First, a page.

apprenticeships can open up access. The BBC launched an apprenticeship


programme yesterday, I was there with Tony Hall, launching an


apprenticeship in journalism to broaden access into the BBC's so you


do not have to have gone to the right school to get into the BBC.


These sorts of moves both to get the skills, but also to broaden channels


of entry into the professions are really important. We want to make it


the new norm that when a young person leaves school they can choose


either to go to university or into an apprenticeship and they get


high-quality options for both. Our job is not to push people one way or


the other, but to make sure there are high quality options on both


sides. 45% of apprenticeships start as work over the age of 25 and that


is encouraging in that in one sense older people are getting new skills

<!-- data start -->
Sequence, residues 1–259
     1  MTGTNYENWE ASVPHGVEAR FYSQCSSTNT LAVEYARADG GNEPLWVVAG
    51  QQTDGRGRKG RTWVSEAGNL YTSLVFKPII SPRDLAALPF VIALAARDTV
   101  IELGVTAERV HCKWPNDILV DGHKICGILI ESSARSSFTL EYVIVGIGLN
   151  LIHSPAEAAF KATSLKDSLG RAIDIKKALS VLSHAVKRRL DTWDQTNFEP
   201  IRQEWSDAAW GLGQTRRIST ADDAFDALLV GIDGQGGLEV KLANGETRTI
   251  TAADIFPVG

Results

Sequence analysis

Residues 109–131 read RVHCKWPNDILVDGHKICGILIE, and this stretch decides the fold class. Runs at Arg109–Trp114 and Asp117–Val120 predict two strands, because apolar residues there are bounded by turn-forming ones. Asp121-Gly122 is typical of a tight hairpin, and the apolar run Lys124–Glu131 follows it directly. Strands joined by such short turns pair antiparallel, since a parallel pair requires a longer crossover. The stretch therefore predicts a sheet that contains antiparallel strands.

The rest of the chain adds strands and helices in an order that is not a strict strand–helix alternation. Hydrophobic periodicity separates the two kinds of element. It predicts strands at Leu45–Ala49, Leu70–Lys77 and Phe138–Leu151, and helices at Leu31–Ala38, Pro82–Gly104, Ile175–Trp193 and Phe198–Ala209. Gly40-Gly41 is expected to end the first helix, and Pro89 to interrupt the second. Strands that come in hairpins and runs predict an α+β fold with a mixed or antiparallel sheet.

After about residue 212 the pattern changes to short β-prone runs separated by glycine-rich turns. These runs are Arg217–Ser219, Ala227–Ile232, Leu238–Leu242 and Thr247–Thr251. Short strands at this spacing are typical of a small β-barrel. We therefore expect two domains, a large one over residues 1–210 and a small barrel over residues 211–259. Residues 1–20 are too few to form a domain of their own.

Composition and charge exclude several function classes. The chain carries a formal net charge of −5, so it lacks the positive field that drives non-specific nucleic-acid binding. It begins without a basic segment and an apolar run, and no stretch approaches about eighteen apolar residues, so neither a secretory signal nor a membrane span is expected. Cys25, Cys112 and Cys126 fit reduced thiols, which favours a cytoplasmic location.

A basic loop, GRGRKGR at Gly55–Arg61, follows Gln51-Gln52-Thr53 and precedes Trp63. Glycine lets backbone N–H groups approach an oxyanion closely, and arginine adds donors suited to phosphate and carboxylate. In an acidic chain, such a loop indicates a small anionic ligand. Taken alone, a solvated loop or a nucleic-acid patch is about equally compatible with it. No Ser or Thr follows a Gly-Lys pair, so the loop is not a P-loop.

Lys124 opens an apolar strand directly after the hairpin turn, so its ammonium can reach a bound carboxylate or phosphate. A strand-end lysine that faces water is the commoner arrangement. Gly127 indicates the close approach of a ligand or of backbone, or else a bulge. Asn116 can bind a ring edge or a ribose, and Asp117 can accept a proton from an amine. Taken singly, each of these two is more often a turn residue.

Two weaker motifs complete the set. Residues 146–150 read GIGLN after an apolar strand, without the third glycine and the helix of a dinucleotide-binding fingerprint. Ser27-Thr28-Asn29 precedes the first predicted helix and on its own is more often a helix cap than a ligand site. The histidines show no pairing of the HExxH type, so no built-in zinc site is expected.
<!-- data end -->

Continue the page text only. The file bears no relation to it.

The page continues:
to suit new demands. But on the other hand there are about 1 million


young people not in education or employment or training, and we know


there are still far greater demands for apprenticeships among young


people than there are places for young people. Yes, it is important


that it is an all age programme as you say, not least because in this


economy whole industries come and go and we need to make sure people can


retrain. But we have also got to get support at the younger end.


Interestingly, last Thursday statistics came out showing that the


number of 16-18 -year-olds without jobs or training is at the lowest


level since action began. There is action that is starting to be taken


that is showing to be working. It is still too high, but it is coming


down. There is growth in the apprenticeships aged between 19 and


24. I agree that broadly we have got to have an all age programme, but


action to tackle youth unemployment involves apprenticeships and the new


trainee schemes for those who have not got the wherewithal to hold down


a job, but it is also about making it easier for employers to employ


young people and some of the action we are taking is one of the reasons


youth unemployment is finally starting to fall. You have got views


on this given your experience in the TUC and the Labour Party. What would


you say? On the one hand, of course, any attention being paid to


training and upscaling people for work is to be welcomed. I am